Ragged array of simplexes


#21

I meant to say just vector<lower=0>[K1 + K2]; in general, the elements do not need to be ordered. The exponential prior corresponds to a gamma prior with a shape of 1 and a scale of 1, which implies the resulting simplex vector has a uniform distribution. You can use other shapes but the prior is on the thing that you declare in parameters rather than the simplexes that you declare in the transformed parameters or the model block.

Your example would not parse. There is a more complicated example at


where zeta is what you call gamma and I am using the segment function to extract the next nc elements after zeta_mark from it.


#22

Thanks again Ben! So I think I’ve managed to incorporate your feedback into a model (that compiles). I’m pasting it below for anybody else who has the same question.

My remaining question is how to integrate the shape parameter like you’ve mentioned. As you point out, this example code is using a uniform distribution, but I really need to modulate the shape. Do I need an additional variable in transformed parameters or am I supposed to do some kind of initialization of the zeta?

data {
   int<lower=1> M;               // num observations
   int<lower=1> N;                // number of sub-observations for all observations
   real<lower=0> y[N];               //Observations where each row is a subobservation
   int<lower=1,upper=M> observation[N];    //observation id for subobservation n
   int<lower=1> row_to_subobservation_map[N];      //subobservation index for each row
   int<lower=1> count_of_subobservations_per_observation[M];
}

parameters {
   vector<lower=0,upper=1.0>[N] zeta;      // subobservation dist over observation
} 

model {
   
   for (n in 1:N) {
      
      int zeta_mark = n-row_to_subobservation_map[n]+1;
      int nc = count_of_subobservations_per_observation[observation[n]];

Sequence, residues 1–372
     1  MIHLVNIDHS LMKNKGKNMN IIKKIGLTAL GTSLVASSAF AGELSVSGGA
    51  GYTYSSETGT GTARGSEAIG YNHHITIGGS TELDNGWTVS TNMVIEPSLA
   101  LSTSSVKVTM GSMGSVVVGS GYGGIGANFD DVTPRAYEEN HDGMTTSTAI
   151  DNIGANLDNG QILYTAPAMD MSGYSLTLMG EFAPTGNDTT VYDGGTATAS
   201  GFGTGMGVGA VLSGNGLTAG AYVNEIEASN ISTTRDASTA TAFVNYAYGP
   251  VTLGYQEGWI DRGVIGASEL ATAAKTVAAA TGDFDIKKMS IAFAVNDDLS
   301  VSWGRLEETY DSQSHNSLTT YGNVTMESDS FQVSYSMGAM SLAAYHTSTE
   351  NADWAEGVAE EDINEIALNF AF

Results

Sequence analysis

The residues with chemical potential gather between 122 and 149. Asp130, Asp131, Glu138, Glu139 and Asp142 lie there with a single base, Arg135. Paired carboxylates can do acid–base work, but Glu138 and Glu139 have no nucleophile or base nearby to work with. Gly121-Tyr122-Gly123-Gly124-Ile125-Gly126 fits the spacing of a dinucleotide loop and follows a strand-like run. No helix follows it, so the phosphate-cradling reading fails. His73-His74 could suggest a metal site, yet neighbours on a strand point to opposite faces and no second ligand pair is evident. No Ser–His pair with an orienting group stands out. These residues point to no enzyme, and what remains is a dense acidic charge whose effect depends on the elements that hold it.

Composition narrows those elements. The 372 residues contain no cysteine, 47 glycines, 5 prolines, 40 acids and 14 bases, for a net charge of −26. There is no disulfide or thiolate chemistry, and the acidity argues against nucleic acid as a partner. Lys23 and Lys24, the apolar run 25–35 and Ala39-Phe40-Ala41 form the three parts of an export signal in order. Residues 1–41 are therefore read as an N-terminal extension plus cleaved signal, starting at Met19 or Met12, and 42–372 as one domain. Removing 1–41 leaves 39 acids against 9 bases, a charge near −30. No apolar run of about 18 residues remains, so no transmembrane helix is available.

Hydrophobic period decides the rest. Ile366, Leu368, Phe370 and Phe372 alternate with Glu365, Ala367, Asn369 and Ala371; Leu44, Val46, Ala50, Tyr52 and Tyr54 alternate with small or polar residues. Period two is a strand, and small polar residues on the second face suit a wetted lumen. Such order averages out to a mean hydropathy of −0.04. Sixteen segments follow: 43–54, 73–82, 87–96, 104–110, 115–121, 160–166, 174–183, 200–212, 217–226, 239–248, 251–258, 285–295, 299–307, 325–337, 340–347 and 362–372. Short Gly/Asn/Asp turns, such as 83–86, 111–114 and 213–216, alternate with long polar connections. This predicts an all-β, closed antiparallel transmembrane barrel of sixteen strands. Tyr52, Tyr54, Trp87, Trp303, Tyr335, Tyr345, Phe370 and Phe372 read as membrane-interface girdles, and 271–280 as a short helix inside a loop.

vector[nc] pi = segment(zeta,zeta_mark,nc);  // gamma(zeta | shape, 1)
      pi = pi / sum(pi);                           // thus dirichlet(pi | shape)

      target += log(y[n]*pi[row_to_subobservation_map[n]]); // likelihood

  }
}

How to model a choice between 2 distributions
#23

zeta should not have an upper bound of 1. You just need to do

target += gamma_lpdf(zeta | shape, 1);

where shape is a positive vector that you pass in as data.


#24

I’m still struggling here. Do I really want to increase target with both pi as well as with zeta? For some reason that seems off to me, but I’m pretty new at this so it’s quite possible.

When I use (a multivariate version of) the model below I get divergent sample errors. Is this model that you’re proposing? If so, I’ll look into issues with incorporating my additional feature variables, else I’ll try to fix my model.

data {
   int<lower=1> M;               // num observations
   int<lower=1> N;                // number of sub-observations for all observations
   real<lower=0> y[N];               //Observations where each row is a subobservation
   int<lower=1,upper=M> observation[N];    //observation id for subobservation n
   int<lower=1> row_to_subobservation_map[N];      //subobservation index for each row
   int<lower=1> count_of_subobservations_per_observation[M];
   real shape;     // subobservation weight prior

}

transformed data {
   vector<lower=0>[N] shape_vec;
   for (n in 1:N){
      shape_vec[n] = shape; //symmetric dirichlet prior
   }  
}

parameters {
   vector<lower=0>[N] zeta;      // subobservation dist over observation
} 

transformed parameters {

}

model {
   
   for (n in 1:N) {
      
      int zeta_mark = n-row_to_subobservation_map[n]+1;
      int nc = count_of_subobservations_per_observation[observation[n]];
      
      vector[nc] pi = segment(zeta,zeta_mark,nc);  // gamma(zeta | shape, 1)
      pi = pi / sum(pi);                           // thus dirichlet(pi | shape)

      target += log(y[n]*pi[row_to_subobservation_map[n]]); // likelihood
      
  }
  target += gamma_lpdf(zeta | shape, 1.);
}

#25

No, just by zeta.


#26

So where does pi fit in if I’m only inferring zeta? How does this enforce the simplex?


#27

The line pi = pi / sum (pi); implies pi sums to 1 and it was already nonnegative.